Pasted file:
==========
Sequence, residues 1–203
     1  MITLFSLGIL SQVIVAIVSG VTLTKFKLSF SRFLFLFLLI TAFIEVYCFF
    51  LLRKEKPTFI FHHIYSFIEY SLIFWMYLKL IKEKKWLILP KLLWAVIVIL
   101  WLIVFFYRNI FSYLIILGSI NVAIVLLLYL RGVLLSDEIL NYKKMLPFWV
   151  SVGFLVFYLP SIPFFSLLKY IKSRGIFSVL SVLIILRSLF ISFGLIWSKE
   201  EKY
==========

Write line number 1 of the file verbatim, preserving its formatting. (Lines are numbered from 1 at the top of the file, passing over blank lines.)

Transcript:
Sequence, residues 1–203